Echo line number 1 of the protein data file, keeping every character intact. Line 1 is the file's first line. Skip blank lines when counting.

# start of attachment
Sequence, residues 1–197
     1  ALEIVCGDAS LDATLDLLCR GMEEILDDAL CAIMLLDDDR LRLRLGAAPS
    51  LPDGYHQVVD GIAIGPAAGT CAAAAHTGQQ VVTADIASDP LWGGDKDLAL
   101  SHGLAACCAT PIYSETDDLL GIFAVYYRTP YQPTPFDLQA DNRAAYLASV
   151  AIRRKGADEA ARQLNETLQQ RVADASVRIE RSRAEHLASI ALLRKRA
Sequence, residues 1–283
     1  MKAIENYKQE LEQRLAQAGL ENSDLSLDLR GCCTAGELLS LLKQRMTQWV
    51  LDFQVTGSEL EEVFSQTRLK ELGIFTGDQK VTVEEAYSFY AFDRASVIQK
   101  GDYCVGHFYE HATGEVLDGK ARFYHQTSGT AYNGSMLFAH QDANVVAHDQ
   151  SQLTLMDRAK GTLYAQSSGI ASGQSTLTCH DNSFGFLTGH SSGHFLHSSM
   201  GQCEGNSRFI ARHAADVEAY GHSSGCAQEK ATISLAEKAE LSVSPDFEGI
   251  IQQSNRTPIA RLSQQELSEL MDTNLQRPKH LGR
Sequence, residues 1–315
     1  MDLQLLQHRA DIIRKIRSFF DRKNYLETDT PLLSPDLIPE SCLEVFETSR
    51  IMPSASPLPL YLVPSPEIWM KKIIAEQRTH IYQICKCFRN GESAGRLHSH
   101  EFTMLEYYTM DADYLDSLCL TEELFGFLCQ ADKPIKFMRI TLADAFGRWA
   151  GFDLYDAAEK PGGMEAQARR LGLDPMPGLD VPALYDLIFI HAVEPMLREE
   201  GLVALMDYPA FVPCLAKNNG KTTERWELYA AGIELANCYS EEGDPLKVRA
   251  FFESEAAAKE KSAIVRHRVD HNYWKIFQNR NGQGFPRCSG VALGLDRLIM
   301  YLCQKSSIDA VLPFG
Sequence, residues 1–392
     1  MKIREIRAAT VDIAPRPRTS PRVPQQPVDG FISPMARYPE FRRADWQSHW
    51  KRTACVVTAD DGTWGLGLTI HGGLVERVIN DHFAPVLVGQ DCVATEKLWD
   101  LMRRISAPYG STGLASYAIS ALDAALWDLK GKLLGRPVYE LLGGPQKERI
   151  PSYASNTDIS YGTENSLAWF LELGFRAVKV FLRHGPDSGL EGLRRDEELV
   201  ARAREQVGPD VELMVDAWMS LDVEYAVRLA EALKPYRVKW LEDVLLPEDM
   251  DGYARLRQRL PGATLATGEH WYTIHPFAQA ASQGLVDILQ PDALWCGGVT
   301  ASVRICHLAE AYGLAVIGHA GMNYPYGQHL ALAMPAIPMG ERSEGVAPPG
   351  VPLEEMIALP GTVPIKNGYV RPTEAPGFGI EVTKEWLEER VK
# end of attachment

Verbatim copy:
Sequence, residues 1–197